A sessions court in Delhi has announced that Mohammed Afzal, sentenced to death by the Supreme Court of India on August 4, 2005, is to be hanged on October 20, 2006. While the judicial procedure is nearing its end in the Parliament attack case, have we understood one of the major events of contemporary India? More importantly, will the said completion of the judicial process in fact scuttle our effort at understanding the event?
Limits of Judiciary
The questions just asked presuppose that the judgment of the Supreme Court failed to provide the required understanding. Why? As a court of law, it is bound by a structure of responsibilities. In the present case, the court was faced with four appeals: two by the Delhi Police and one each by Afzal and Shaukat. To that end, it examined the evidence produced before the trial court and the subsequent judgments by the trial court and the high court.
The evidence was produced by an authorised investigating agency, namely, the Special Cell of the Delhi Police, with its ACP Rajbir Singh as the investigating officer. The evidence was presented in the trial court with supporting materials and witnesses. Most of the evidence, especially in Afzal’s case, went unchallenged. The trial court provided Afzal with an accredited lawyer who chose to remain largely inactive.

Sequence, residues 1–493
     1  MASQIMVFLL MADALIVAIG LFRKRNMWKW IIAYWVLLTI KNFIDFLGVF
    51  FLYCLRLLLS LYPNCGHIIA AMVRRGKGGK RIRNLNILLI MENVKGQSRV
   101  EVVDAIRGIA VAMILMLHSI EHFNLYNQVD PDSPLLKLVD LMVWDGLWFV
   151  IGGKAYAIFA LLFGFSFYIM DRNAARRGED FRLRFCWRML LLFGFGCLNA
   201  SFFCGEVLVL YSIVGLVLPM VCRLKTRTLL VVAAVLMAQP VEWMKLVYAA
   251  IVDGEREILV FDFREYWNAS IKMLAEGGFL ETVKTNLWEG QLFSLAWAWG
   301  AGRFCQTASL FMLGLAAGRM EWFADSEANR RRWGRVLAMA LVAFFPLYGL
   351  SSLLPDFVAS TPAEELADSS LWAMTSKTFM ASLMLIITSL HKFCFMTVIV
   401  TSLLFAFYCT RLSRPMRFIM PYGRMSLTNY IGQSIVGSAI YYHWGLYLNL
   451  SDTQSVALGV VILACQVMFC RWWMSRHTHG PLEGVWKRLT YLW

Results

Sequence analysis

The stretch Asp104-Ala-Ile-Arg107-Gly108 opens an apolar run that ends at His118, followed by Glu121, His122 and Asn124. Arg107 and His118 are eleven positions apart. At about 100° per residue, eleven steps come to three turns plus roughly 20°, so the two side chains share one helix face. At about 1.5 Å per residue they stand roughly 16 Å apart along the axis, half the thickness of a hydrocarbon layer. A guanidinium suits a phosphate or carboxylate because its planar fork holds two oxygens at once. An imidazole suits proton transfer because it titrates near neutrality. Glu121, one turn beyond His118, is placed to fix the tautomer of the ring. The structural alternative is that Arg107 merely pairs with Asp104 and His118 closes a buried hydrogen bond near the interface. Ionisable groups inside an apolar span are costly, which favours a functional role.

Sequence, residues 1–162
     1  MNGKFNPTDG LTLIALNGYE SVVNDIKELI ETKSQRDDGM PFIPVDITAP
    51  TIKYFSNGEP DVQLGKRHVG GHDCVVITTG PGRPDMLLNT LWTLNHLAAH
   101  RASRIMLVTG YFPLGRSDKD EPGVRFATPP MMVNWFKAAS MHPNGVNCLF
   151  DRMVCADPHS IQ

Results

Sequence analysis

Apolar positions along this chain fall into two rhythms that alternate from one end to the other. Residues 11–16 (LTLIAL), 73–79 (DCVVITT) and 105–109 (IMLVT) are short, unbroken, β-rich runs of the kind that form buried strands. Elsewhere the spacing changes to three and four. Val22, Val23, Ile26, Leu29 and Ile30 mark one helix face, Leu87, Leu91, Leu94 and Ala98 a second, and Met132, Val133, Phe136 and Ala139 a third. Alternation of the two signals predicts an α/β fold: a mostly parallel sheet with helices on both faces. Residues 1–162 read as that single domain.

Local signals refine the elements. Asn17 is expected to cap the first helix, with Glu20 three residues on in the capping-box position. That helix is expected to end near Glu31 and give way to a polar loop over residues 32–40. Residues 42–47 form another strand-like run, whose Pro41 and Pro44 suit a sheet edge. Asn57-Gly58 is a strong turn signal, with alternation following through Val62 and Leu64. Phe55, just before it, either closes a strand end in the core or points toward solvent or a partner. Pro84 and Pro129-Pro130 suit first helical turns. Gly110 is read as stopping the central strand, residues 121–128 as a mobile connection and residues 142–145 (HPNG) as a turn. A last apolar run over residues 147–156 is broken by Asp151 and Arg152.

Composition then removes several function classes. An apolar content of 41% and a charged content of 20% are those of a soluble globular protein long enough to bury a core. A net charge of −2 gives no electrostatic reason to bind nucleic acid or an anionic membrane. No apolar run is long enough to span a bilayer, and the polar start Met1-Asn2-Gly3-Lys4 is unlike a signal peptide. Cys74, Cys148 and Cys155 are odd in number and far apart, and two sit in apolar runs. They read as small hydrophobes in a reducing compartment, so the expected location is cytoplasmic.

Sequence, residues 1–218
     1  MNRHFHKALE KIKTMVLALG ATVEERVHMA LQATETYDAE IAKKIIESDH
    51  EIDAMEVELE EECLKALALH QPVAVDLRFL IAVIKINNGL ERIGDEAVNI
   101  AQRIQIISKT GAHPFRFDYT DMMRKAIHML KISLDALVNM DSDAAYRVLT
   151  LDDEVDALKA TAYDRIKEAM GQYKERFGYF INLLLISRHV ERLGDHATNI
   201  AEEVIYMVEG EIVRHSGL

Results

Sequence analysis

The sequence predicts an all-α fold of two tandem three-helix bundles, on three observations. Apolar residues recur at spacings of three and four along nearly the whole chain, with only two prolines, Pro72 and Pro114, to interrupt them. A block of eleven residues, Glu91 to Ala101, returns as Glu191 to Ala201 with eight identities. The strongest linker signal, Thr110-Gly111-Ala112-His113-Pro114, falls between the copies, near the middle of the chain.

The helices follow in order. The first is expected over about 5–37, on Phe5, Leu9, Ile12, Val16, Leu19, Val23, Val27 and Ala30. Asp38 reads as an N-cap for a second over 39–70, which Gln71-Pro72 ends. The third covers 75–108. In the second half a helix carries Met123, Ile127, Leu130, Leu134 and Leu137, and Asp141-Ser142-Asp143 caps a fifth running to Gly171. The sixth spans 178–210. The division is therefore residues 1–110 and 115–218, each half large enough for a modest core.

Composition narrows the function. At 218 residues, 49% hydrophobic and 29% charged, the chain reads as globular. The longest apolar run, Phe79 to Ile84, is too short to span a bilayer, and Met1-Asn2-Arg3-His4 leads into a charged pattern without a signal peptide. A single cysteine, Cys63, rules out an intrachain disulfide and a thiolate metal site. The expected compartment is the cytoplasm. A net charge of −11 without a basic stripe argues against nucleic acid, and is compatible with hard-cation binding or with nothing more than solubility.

In fairness, we must note that whenever the defenceâ€”especially Gilani’s and Shaukat’s eminent team of lawyersâ€”was able to question some evidence successfully, the high court and the Supreme Court did take notice of that and set the evidence aside. This is particularly true of the confessions obtained from Afzal and Shaukat; setting them aside created a huge dent in the case, as the Supreme Court noted. The high court in fact reprimanded the police in fairly strong terms for fabricating the arrest memos and for keeping people under illegal confinement. In each case, Gilani‘s defence team successfully produced counter-evidence. As for the overwhelming evidence produced against Afzal, almost nothing was challenged at the trial court, making the task virtually insurmountable for his defence in the appeal courts. Looking at this evidence, therefore, the Supreme Court was obliged to conclude that Afzal was guilty of aiding and abetting the attackers.